Electronic Theatre In-depth Review: Knytt Underground

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Rating: 5.0/5 (1 vote cast)

Electronic Theatre ImageThe relatively young Ripstone is beginning to develop a reputation amongst the PlayStation community for delivering interesting digital products that other publishers might shy away from. From Pure Chess to the extensive PlayStation Mobile support, Ripstone’s catalogue demonstrates bold projects delivered through the most modern of distribution systems. Their latest title, Knytt Underground, is no different.

Developed by Green Hill under the watchful eye of series creator Nicklas Nygren, a.k.a. ‘Nifflas,’ Knytt Underground is the first console edition of the popular Knytt series which originally found fame via simple browser based releases. The success of Knytt was always based on its immediacy and deeply imaginative design, and given that it’s this basis that hasElectronic Theatre Image brought the series enough respect to come to consoles it would be remiss of the team to change the formula now. Knytt Underground, then, is exactly what the audience demands: more of the same.

Knytt Underground features only one gameplay mode accessed via walking to the correct part of the scenery. Thus, with no introduction, longwinded tutorial or training modes, players are taught the basics of Knytt Underground’s gameplay mechanics: if you want to walk right, press right. Everything the player needs to understand is taught by way of visual recognition. You are expected to have a minor understanding of the platform videogame genre – for instance, that there will be a jump button and that it will execute a jump manoeuvre – but beyond this all of the videogame’s actions, challenges and mechanics are taught organically.

Beginning with perhaps the simplest introduction possible, the player meets a cartoon rendition of series creator Nifflas and is informed by their own character that he’s a liar, and should be ignored. They’re then asked to visit the player character’s sister by the player’s character, simply informed that she is ‘up.’ Such vagueness is part of Knytt Underground’s Electronic Theatre Imagecharm, as it never actually tells the player what to do. This is all about freeform gameplay in which the player sets their own goals, with progress denoted only by the slow and gradual completion of a map than comes simply from exploration.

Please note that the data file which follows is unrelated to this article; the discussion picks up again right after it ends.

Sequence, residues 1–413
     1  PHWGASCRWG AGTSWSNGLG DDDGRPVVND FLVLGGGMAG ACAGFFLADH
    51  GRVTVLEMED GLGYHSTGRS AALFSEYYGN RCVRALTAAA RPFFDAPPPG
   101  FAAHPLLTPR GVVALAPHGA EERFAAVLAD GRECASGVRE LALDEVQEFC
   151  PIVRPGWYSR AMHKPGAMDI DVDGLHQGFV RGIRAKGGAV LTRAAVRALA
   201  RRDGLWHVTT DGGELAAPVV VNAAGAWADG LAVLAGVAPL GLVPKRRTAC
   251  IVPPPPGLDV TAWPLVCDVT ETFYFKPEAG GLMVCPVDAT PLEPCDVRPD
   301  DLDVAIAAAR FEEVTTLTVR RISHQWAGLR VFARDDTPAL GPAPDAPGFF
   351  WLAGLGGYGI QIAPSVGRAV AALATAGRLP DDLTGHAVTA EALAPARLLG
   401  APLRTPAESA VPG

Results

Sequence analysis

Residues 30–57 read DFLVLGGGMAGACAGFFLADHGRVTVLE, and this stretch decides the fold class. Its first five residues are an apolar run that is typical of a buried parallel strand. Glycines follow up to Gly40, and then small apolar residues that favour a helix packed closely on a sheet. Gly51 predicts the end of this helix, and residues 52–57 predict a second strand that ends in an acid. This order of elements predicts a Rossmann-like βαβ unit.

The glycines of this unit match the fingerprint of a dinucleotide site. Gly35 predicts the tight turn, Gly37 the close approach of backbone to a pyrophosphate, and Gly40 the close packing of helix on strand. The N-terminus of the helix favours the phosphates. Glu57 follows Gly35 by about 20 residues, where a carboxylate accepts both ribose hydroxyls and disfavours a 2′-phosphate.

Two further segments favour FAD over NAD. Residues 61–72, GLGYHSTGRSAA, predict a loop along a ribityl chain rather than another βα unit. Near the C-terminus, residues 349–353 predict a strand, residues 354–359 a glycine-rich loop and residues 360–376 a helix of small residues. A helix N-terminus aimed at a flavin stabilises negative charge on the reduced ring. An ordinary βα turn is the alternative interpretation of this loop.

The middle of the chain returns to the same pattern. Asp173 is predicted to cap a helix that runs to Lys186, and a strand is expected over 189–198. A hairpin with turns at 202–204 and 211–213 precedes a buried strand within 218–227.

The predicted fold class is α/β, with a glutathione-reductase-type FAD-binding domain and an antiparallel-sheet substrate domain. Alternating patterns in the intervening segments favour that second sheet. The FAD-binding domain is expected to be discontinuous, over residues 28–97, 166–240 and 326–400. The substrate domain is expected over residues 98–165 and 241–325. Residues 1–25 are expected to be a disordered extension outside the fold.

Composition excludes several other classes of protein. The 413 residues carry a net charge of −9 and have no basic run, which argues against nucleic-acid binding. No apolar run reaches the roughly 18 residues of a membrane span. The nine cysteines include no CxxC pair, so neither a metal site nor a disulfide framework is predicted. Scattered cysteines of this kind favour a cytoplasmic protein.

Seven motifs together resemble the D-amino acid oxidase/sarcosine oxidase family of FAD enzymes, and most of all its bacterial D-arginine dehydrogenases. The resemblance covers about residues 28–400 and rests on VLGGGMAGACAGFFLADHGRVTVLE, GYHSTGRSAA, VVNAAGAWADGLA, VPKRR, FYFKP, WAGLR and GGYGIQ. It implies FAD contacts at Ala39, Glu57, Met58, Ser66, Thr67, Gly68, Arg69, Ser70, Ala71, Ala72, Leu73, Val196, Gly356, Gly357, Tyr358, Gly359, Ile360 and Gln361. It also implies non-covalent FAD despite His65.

Designed with one eye keenly on the 2D Metroid titles, players will find that there are many paths they cannot yet follow, with a puzzle to be solved or action to be taken in order to gain access. Sometimes this will require the collection of items for a character, others it will require access to new abilities. The fast pace of the platform action means that players won’t tire of the backtracking as they might in some titles, but also means that player dexterity is put to the test very early in the adventure and constantly thereafter.

Knytt Underground doesn’t feature enemies as such, but it does offer challenges that are presented in the same fashion as the almost non-existent tutorial. Laser beams, electrified water, fireballs; it’s obvious that these things will hurt you, and so avoiding them is the best tactic. However, Knytt Underground isn’t a videogame about penalising you, it’s about helpingElectronic Theatre Image you to face its challenges better prepared through developing your skill, and as such any death will be met with an instant restart in the exact same room.

The visual quality of Knytt Underground is frequently awe inspiring; brimming with personality and fantastical venues akin to the likes of Trine 2: Director’s Cut despite using an art style that features significantly less details. Using colour and shadow to evoke feelings from the player that inspire atmosphere by way of basic human perception, Knytt Underground very cleverly captures the ideal that most will recognise a broken tree as being spooky or a decaying stone statue as likely to be hiding secrets from an ancient civilisation. Given that players can enjoy Knytt Underground on both PlayStation 3 and PlayStation Vita, Green Hill have had to take into account the capabilities of both systems, especially as the continued pursuit of modern Electronic Theatre Imagetechnological advances by Ripstone has lead the videogame to be one of the first titles that allows players to sync their save data between both formats, enabling progress on either format.

Available to download for both PlayStation 3 and PlayStation Vit now – for one single price – Knytt Underground is a remarkable production. Cleary devised for gamers with some experience already under their belt, thought not necessarily those who regularly move with the ebb and flow of the core gamer market, Knytt Underground provides as much intrigue as it does challenge. The emphasis relies heavily on the player’s sense of intrigue and aims to stimulate it through the lack of outside pressures such as time limits or punishments. Successful in all these regards, Knytt Underground is a gem in the PlayStation Network line-up that demands to garner attention from the gaming masses.

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